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Information-On Keeping Breeding Primates

Reproduction & Handrearing of Marmoset & Tamarins.

Marmosets and Tamarins have a rapid reproductive rate. They typically give birth to twins and there is no period of lactational anoestrus. A post-partum oestrus occurs within 10 days of parturition and conception rate at this oestrus is high. Some breeding females may be almost constantly pregnant. Gestation varies between Species.

The lion tamarins have the shortest gestation at 128 days, while most other Species are reported to have a gestation of around 145 days. Cotton top tamarins have the longest known gestation at 183 days. Infant care is shared among group members.

In most species other group members may participate in infant care by carrying the Infant from day l or 2. Contrary to earlier reports this is also true for lion tamarins. Goeldi's monkeys, on the other hand, are the exception to this with shared infant care not taking place until week three.

In captivity the Callitrichidae are effectively monogamous. The dominant pair, who In most groups will be the parents of all other group members, suppress other adults within the group from breeding. This ensures that only the dominant pair breed, and generally means that inbreeding does not occur within groups.

Rarely, however, incestuous matings and departures from monogamy occur. In the wild, a much more flexible reproductive strategy is apparent in most species for which good information is available
These points are discussed in more detail below.


The marmosets and tamarins are unique among simians in their habit of twinning.

While single infants and triplets are not uncommon among marmosets and tamarins, the most frequent litter size is two. Occasionally, quadruplet births have occurred, but there are no reports of all four infants being born alive in Zoos or in the wild. The incidence of triplets has been reported to increase with time in captive colonies of and may relate to a high protein diet in captivity.

It is unusual for all three infants of a triplet litter to be parent-reared in captivity. Recently, evidence from DNA studies has provided good evidence that triplets have been reared to independence in a wild group of jacchus.

Callitrichid twins are dizygotic and share the same placenta and amniotic sac. Some considerable discussion has centred around whether twinning is a primitive feature that has been retained, or a derived feature, maintained that twinning was a primitive feature, while most other authorities have considered it derived, citing the highly specialised placentation, simplex uterus, and number of teats as evidence.

Reproductive strategies

Care must be taken to distinguish between social group structure and mating relationships when discussing reproductive strategies. The presence in a group of more than one adult of either sex does not necessarily indicate that they are all reproductively active.

They may, for instance, be non-reproductive mature offspring of the breeding male or female. In captivity, mature offspring may remain in a stable group and yet not enter a breeding relationship with their parents or siblings, as they are reproductively suppressed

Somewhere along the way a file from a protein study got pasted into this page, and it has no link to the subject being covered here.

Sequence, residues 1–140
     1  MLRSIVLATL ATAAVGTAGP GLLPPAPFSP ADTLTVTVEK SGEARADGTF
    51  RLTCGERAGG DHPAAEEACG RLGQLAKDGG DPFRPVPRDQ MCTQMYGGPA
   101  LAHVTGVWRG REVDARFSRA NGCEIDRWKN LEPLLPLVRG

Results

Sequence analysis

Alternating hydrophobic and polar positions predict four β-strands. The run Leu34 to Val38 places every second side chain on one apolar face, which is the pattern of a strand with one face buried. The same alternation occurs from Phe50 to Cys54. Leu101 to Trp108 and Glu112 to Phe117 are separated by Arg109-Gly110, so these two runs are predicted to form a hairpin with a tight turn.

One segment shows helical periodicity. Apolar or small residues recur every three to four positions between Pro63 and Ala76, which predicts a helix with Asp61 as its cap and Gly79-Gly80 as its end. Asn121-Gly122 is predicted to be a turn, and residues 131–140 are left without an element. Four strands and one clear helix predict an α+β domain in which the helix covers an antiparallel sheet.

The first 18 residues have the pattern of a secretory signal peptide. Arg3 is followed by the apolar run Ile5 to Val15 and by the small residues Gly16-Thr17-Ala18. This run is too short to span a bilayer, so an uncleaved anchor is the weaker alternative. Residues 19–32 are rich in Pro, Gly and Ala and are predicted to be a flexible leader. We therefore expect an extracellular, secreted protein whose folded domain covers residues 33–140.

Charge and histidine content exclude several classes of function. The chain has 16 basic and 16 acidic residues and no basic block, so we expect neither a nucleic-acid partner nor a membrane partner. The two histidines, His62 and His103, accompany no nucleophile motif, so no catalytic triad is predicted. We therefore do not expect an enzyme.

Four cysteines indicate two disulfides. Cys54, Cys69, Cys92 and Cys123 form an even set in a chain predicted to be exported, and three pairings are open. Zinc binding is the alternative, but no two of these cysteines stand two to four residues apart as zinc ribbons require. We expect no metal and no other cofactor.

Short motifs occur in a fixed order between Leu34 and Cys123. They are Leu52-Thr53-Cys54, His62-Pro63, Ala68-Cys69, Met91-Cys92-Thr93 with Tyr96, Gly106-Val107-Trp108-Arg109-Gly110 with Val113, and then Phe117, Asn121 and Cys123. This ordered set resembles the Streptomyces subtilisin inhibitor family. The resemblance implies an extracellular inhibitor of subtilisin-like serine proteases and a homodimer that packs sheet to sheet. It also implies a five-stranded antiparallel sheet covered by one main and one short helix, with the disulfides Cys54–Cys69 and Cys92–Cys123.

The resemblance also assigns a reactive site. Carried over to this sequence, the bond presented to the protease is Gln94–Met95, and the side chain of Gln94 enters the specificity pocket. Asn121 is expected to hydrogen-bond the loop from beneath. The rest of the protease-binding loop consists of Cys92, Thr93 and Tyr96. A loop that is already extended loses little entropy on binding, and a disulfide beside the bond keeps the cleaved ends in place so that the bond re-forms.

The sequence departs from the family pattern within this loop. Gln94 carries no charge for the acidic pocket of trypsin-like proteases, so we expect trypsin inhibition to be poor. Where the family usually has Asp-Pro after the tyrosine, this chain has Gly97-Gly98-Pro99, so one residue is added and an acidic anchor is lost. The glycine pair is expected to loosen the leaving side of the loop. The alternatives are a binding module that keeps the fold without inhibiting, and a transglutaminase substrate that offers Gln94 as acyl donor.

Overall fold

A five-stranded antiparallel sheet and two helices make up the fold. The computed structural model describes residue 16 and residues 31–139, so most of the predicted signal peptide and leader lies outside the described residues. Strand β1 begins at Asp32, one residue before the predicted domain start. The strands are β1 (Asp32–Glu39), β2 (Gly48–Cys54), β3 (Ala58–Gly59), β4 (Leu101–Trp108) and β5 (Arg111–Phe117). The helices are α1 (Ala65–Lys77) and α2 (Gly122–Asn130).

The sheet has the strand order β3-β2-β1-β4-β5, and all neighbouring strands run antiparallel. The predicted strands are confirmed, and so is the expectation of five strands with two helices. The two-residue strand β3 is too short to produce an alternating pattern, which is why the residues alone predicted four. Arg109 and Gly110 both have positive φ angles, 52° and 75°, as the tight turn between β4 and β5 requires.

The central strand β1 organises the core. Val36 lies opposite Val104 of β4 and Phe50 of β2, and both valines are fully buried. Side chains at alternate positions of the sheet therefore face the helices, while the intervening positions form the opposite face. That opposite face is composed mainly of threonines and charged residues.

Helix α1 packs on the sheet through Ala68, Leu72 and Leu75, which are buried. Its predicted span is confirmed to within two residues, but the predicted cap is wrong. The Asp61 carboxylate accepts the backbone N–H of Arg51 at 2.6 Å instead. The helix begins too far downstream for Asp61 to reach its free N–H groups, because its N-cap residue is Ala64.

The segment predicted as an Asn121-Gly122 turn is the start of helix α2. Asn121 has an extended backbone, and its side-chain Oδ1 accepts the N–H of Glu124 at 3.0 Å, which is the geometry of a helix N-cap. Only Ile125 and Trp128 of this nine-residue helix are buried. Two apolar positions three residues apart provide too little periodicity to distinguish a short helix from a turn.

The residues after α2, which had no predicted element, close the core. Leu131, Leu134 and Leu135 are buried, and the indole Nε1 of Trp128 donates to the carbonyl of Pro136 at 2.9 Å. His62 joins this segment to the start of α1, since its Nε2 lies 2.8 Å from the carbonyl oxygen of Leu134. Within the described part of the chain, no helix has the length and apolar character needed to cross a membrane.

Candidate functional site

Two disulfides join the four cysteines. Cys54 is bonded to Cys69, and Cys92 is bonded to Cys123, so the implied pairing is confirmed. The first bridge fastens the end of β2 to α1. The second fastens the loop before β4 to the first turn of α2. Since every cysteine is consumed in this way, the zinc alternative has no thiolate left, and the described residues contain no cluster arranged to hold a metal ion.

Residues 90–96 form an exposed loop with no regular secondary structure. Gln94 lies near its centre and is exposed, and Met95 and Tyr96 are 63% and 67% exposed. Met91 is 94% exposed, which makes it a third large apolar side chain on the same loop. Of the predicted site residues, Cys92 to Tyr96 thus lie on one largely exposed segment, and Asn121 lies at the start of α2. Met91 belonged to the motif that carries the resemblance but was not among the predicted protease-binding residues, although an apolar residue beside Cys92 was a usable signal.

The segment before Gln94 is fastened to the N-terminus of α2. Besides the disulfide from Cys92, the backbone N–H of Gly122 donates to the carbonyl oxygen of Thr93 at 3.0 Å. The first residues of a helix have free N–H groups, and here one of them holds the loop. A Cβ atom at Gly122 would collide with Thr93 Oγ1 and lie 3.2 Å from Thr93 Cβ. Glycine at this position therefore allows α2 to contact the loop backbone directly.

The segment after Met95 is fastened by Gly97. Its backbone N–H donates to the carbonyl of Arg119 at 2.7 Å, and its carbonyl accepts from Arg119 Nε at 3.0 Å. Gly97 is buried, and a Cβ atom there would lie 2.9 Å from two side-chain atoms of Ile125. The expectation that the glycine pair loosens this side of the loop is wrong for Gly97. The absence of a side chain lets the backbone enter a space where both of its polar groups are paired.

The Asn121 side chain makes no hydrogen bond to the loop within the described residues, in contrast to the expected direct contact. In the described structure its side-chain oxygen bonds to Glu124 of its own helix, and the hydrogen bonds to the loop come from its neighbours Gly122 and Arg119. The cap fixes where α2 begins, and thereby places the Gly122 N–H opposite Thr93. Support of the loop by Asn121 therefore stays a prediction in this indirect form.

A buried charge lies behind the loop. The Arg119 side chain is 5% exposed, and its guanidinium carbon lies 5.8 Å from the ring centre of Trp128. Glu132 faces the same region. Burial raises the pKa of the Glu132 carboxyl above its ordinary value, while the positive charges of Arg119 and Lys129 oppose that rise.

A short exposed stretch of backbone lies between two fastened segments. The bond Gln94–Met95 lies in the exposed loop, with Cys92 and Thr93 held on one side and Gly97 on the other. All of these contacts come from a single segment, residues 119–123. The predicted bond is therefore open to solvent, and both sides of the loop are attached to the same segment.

The fact that a female may mate with more than one male is also not conclusive evidence of a polyandrous breeding system, although it is obviously suggestive of this.

Only when paternity of offspring can be established will the breeding system be understood fully. In fact, in spite of the many reports of group structure indicating that there may be more than one breeding pair in a wild callitrichid group, only a few studies have actually reported seeing females mated by more than one male,even fewer studies have reported more than one breeding female in a social group at the same time.

It is, however, not surprising that there is a paucity of data from wild groups. As pointed out, the marmosets and tamarins are small difficult to habituate to the presence of observers, and mating may last only a few seconds. Studies have shown. however, that even within a species the reproductive strategy may vary. Infant rearing is discussed more fully below.

Reproductive suppression.

Reproductive suppression of subordinate females among captive callitrichid groups is a well-documented phenomenon In C. jacchus. hormonal studies of females in peer groups have shown that the behaviourally dominant female is the only female to undergo normal ovulatory cycles.

In nuclear family groups, it has also been shown that daughters do not exhibit ovulatory cycles and are therefore also suppressed in the three species some daughters do ovulate although they do not cycle regularly while still in their natal group and rarely this also occurs in S. oedipus.

In Leontopithecus. on the other hand, daughters may undergo normal ovulatory cycles within their natal groups.Young females are often subject to severe aggression from their mother when they mature and are thus prevented from breeding through behavioural rather than physiological means.

Physiological suppression of female cycles is by no means absolute. There are several instances of breakdown of suppression to suggest that something other than dominance is operating to maintain reproductive suppression of daughters within their natal groups and effectively acts as an inbreeding avoidance mechanism.